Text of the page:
A chat with Wanderwelle
Amsterdam-based Wanderwelle’s unique brand of invigorating, meditative deep electronica has quickly spread internationally. Their creative output is intricate and well-considered, with each release featuring field recordings and deep-lying concepts which draw inspiration from folklore and natural environments.
Following on from their recent mix for Patterns of Perception, the duo agreed to share some insights into their musical partnership. Below, they explain how they seek inspiration in the mixing of reality and fantasy, and why the most beautiful sounds are the ones that come straight from nature.
At what point did you guys start making music together? How did you discover your creative connection?
We grew up in the same coastal town, went to the same high school and had a lot of mutual friends, but we didn’t have that much contact. That changed when we visited Kenya for a school project. There we discovered that we had the same weird interests, like mysterious phenomena, ancient cultures, films by Von Trier, Lynch, Van Warmerdam, Cronenberg. That sort of stuff.
Your latest album for Silent Season, Gathering of the Ancient Spirits, was inspired by the post-impressionist painter Paul Gauguin, who spent his last years on the islands of French Polynesia searching for land untouched by modern life. What drew you to Gauguin’s story?
First of all, the extraordinary beauty of the paintings, but also the way he searched for a connection with nature and how he let that inspire him. Besides that, he managed to express the ancient cultures in his own way, by mixing his own fantasy with reality. For example, the natives of French Polynesia have an amazing collection of tales and legends. One of these stories describes the tupapau, a malevolent spirit, which plays a subtle and ominous role in some of Gauguin’s work. There isn’t any depiction of these beings in the islanders’ culture, but Gauguin included these spectres in his paintings after he envisioned them himself. In a way, that’s the same as we do. We envisioned an alternative world where Gauguin searched for the remnants of a forgotten people, whilst encountering beings that are not of this world. So, it is the combination between his beautiful art, his life, and the way we could adapt them into a story of our own, mixing reality with fantasy: the best of both worlds.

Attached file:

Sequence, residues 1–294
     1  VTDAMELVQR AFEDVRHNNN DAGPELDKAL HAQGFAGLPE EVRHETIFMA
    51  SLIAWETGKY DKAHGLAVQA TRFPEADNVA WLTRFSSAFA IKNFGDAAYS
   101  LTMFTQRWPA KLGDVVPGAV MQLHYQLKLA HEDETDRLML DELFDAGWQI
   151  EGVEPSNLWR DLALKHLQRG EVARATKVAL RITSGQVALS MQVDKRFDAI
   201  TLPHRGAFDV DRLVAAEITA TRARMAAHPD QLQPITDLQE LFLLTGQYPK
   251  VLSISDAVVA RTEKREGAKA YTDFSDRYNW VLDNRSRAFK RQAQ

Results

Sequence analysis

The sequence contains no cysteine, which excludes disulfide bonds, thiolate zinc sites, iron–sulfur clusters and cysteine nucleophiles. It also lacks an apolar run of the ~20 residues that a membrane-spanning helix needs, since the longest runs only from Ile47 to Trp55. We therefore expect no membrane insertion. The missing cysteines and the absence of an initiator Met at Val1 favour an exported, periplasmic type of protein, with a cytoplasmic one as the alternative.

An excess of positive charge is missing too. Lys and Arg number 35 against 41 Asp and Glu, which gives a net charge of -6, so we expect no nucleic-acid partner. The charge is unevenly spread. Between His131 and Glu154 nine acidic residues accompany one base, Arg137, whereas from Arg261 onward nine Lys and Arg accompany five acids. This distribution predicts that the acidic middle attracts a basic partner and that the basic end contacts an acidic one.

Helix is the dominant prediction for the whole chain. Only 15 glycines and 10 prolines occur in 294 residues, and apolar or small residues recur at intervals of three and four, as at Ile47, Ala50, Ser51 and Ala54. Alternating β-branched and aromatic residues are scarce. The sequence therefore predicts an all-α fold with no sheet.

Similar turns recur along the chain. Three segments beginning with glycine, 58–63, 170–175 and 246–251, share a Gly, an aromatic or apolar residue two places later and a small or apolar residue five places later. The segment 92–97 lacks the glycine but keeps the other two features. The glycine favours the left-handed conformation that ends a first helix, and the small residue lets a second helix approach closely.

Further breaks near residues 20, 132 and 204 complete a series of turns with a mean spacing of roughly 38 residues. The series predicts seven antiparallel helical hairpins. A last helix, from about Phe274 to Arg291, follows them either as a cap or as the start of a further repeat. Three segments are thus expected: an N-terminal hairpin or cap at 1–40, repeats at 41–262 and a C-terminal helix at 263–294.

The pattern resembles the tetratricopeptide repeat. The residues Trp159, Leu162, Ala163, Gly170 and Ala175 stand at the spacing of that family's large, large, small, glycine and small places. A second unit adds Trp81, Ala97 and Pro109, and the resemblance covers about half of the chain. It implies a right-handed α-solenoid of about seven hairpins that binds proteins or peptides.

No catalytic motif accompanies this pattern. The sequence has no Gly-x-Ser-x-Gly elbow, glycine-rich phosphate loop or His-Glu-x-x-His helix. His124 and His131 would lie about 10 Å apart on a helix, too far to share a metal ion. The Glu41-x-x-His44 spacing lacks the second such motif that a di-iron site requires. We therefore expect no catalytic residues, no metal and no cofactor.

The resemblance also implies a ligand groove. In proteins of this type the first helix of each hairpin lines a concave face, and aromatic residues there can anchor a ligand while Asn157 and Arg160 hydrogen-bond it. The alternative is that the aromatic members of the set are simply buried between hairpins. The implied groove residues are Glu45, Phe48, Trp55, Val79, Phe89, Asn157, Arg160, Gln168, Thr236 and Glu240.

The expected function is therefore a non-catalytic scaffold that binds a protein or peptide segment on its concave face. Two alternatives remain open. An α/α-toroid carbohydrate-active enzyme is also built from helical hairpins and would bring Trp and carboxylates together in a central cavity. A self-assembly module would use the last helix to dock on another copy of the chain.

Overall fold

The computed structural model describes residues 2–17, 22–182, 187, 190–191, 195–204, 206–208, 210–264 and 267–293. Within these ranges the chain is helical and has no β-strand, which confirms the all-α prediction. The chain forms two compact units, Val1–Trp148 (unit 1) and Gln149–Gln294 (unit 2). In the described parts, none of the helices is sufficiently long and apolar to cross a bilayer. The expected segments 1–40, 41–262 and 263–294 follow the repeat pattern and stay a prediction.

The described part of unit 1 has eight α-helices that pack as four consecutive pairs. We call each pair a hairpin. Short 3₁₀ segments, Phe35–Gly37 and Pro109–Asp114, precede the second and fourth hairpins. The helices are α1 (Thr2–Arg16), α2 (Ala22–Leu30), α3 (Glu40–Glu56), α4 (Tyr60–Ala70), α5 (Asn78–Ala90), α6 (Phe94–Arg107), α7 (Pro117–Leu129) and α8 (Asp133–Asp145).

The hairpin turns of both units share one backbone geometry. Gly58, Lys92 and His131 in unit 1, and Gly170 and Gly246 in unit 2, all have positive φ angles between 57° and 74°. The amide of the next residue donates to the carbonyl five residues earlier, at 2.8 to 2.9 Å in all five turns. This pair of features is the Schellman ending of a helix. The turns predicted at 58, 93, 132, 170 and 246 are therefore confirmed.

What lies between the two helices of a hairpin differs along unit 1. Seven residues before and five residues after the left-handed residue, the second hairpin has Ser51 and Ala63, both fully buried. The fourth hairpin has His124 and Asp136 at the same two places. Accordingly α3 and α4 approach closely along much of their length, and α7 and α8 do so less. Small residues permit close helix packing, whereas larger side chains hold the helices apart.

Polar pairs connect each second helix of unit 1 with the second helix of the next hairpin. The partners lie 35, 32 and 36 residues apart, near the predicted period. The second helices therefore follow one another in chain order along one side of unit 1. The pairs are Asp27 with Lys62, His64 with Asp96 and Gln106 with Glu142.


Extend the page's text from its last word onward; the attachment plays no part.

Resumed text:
The album is described as “an ode to one of the greatest artists that ever lived”. Looking back on the release, do you feel you’ve done Gauguin justice?
We’ve tried to approach this album the same way Gauguin approached his art. It’s very interesting that Gauguin expressed his view on music in combination with art. For instance, he described his paintings as calculated; he made arrangements of lines and colours on the pretext of some subjects he borrowed from life and nature. Gauguin stated that works of art are like polyphony, a symphony. He associated the musical quality of painting with the mysterious, evocative poetry of nature and art. In a way, we tried to incorporate his vision into our work. We used field recordings that emit the same mysterious atmospheres, which one can experience in Gauguin’s work. In addition, we tried to fit these with the right melodies and sounds to create an organic track that resembles the character of his work. It’s a very personal album, much more than our first album. Time will learn if we’ll stay pleased with this tribute. We’re not entirely sure if this chapter stays closed. But for now, it will.
Meanwhile, your first album, Lost in a Sea of Trees, took the rich Slavic folklore and the ancient pagan tribes that once roamed Europe as its main source of inspiration. How does having a strong concept for your albums fuel your creative process?
We couldn’t make anything without a concept to be honest. It makes finding sounds far more interesting, as sounds have to fit together both sonically and thematically. Also, it’s fun to dive into themes and subjects and do some research. Small details in our tracks are often inspired by interesting findings in stories or anecdotes. Using a concept can elevate the music to storytelling instead of providing a collection of cool tracks.
Albums are a perfect way to tell high-concept stories. An hour of music provides us with the big canvas we need. For projects such as the Gauguin album, we like it much more than making an EP.
For this album, you collected field recordings in forests in Russia, Czech Republic and your native the Netherlands. What role do field recordings have in your work?
Field recordings are a great way to set moods and themes instantly. The most beautiful sounds come straight from nature. There isn’t a synth or program that can beat the sounds of thunder, crunching snow or the howling of the wind. Starting a jam with field recordings instead of a synth or a drum machine works best for us when we want to work on tracks with shared themes. For our recent albums, we keep adding layers and layers of synths and percussion, but the sound of nature is still recognisable at any moment.
Lots of people have lost their connection with nature and folklore. It’s quite sad that, instead, we’re causing destruction on a biblical scale as a species, while we’re more interested in which extensions Kylie or Kendall are wearing. But, of course, there’s more than just nature. At the moment, we’re working on some projects where we’ve abandoned almost every natural sound and use more ambiguous field recordings to set the tone and mood.
Being based in Amsterdam, do you find there is a strong appetite for ambient and more experimental techno in the local scene? Are there other cities in Europe that are particularly receptive to your sound?